Ink, Jonathan Maberry (St. Martin’s Griffin 978-1250765888, $17.99, 464pp, tp) November 2020. Cover by Jonathan Bennett.
People are the amalgamation of their memories and experiences, and Jonathan Maberry’s Ink explores what happens when we lose our most important memories. A sprawling, dark narrative made up of the interwoven stories of a set of misfits that struggle to get by, Ink is a moody horror novel that deals with grief, anger, guilt, and Otherness in a small town.
Patty Trang, known as Patty Cakes, is a Vietnamese tattoo artist living in the small town of Pine Deep. She runs a tattoo shop she opened after spending some time in New York. She has a tattoo of her dead daughter’s face on the back of her hand and has a sixth sense that makes her connect deeply with some of her clients. Unfortunately, she’s losing her memories of her daughter, who was kidnapped and brutally murdered. Owen Minor is a man who became something else, something darker than human. He can steal people’s tattoos and lives for the thrill of stealing the painful memories attached to them. Monk Addison is a private investigator working with a bail bonds agency. He has a collection of tattooed faces of murder victims. They all collide in Pine Deep. Folks like Patty and Monk must come together to find the evil and stop it from feeding on the memories of others.
Maberry is a master of atmosphere, and he shows that here. Besides the characters at play, there are a series of elements that become such an intrinsic part of the narrative that they turn into characters and add to the gloomy, eerie ambiance of the novel. Dark birds like crows and grackles that appear at certain times and follow people around, the incessant rain that pummels Pine Deep mercilessly, and the art inked on people’s skin all take lives of their own. The same goes for the flies, which add a layer of creepiness that runs through the entire story, even inside houses, businesses, and hospitals:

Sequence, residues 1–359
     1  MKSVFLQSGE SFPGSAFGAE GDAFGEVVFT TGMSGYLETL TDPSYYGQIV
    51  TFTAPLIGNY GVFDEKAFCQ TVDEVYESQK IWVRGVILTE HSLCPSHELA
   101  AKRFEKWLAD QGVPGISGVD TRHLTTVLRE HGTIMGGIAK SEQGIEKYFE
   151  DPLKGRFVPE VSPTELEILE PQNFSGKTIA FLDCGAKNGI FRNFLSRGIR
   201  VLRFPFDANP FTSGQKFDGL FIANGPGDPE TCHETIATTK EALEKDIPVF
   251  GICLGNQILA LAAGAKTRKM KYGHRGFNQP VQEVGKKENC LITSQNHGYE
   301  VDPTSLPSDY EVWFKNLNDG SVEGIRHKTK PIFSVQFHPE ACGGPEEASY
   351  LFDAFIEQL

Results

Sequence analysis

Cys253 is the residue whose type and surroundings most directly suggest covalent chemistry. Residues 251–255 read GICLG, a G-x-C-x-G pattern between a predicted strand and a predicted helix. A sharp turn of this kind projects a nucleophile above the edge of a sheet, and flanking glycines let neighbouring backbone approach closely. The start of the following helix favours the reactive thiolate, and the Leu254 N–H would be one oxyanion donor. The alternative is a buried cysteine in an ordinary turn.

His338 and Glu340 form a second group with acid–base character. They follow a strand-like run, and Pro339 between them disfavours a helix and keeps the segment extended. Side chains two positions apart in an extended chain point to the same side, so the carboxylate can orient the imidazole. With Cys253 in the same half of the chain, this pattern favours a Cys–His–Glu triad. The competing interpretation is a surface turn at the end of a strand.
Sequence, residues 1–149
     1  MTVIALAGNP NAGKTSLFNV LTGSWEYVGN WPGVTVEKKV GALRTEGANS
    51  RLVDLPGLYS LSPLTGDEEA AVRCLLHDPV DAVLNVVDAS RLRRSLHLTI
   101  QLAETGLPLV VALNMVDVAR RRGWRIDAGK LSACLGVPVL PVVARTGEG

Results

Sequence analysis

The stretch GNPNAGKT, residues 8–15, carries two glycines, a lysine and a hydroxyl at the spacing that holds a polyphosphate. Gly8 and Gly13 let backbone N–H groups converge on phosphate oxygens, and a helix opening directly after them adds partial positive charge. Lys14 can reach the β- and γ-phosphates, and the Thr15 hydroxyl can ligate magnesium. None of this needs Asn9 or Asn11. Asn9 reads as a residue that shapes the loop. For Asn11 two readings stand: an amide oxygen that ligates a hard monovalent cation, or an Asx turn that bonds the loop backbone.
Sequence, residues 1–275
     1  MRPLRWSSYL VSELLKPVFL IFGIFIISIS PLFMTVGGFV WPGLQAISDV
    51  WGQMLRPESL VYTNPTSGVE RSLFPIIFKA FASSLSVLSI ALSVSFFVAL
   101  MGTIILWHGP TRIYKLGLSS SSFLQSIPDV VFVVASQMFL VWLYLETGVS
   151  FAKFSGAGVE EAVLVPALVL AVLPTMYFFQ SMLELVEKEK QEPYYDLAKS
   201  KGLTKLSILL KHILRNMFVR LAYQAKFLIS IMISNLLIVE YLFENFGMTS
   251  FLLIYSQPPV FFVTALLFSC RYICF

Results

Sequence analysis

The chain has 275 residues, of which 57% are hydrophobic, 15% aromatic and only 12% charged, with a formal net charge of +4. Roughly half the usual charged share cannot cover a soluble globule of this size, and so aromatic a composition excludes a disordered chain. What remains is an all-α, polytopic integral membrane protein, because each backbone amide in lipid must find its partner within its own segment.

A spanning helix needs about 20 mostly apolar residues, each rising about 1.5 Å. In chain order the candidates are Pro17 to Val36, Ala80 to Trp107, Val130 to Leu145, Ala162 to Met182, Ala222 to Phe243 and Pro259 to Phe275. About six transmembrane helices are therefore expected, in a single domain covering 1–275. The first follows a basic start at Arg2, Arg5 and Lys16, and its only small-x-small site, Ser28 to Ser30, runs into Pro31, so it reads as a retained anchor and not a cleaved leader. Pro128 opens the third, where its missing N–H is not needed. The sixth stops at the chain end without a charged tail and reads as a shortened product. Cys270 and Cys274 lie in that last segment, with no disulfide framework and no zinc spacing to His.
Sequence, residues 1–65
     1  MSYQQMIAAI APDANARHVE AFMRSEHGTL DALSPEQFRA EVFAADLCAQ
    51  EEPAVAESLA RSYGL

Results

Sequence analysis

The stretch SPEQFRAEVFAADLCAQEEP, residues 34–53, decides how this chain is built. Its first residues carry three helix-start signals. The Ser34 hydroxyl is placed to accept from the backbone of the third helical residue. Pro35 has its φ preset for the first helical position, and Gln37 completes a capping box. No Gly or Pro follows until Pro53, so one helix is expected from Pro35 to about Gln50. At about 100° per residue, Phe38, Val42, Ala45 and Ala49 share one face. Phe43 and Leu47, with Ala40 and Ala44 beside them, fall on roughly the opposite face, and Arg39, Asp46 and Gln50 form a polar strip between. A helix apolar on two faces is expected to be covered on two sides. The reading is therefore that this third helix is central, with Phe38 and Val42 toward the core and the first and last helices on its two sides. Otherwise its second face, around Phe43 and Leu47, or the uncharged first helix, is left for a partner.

There were five of them. Big, bloated ones. Dark as bruises. Ugly. The homeless vet lay on his side, with the ties of his gown askew, the flaps open to reveal the ornate landscape of interlocking tattoos on his back. The flies were crawling over them. Mike edged forward and saw the little bastards licking at the man’s skin.
While the character development and atmosphere are superb, there are two elements that push Ink into must-read territory: the way Maberry tackles Otherness and how he weaves in and out of incredibly dark places.
In terms of Otherness, characters from the fringes, immigrants, loners, LGBTQ+ characters, and even languages like Spanish and Vietnamese are sprinkled throughout the book. Everyone is different here, and some of their differences matter a lot when it comes to the way other people react to and perceive them.
When it comes to the dark stuff, Maberry allows readers to get comfortable and then drops horrific bombs on them. For example, there is a conversation in which Monk has to tell a local cop how Patty’s daughter died, and it’s so brutal it will surely stick with readers for a long time after they’ve turned the last page.
Lastly, memories are at the core of the story. Maberry explores what they are, how they come about, the role they play in people’s life, and what happens when they’re lost. Owen wonders “what would happen when all of his memories were gone”:
Would he simply go away, too? Would he fade like a mist and simply not be there anymore. There, or anywhere?
Would it hurt?
Would it be like falling asleep?
Would he vanish from other people’s memories?
Or would he exist only in the eternal now, like a monk or a lama?
There is a lot happening in Ink, but the book ultimately soars because Maberry achieves a perfect balance between gripping and difficult to read; it’s the kind of story that’s hard to put down but that also delivers devastating passages and cuts to the marrow of the lives of flawed, lonely characters that feel real because they face some of the same situations most people face. Maberry is a master of dark fiction, and Ink is an impressive, enthralling addition to his already impressive oeuvre.
Gabino Iglesias is a writer, journalist, professor, and book reviewer living in Austin TX. He is the author of Zero Saints and Coyote Songs and the editor of Both Sides. His work has been nominated to the Bram Stoker and Locus Awards and won the Wonderland Book Award for Best Novel in 2019. His short stories have appeared in a plethora of anthologies and his non-fiction has appeared in the New York Times, the Los Angeles Times, and CrimeReads. His work has been published in five languages, optioned for film, and praised by authors as diverse as Roxane Gay, David Joy, Jerry Stahl, and Meg Gardiner. His reviews appear regularly in places like NPR, Publishers Weekly, the San Francisco Chronicle, Criminal Element, Mystery Tribune, Vol. 1 Brooklyn, the Los Angeles Review of Books, and other print and online venues. He’s been a juror for the Shirley Jackson Awards twice and has judged the PANK Big Book Contest, the Splatterpunk Awards, and the Newfound Prose Prize. He teaches creative writing at Southern New Hampshire University’s online MFA program. You can find him on Twitter at @Gabino_Iglesias.
This review and more like it in the April 2021 issue of Locus.
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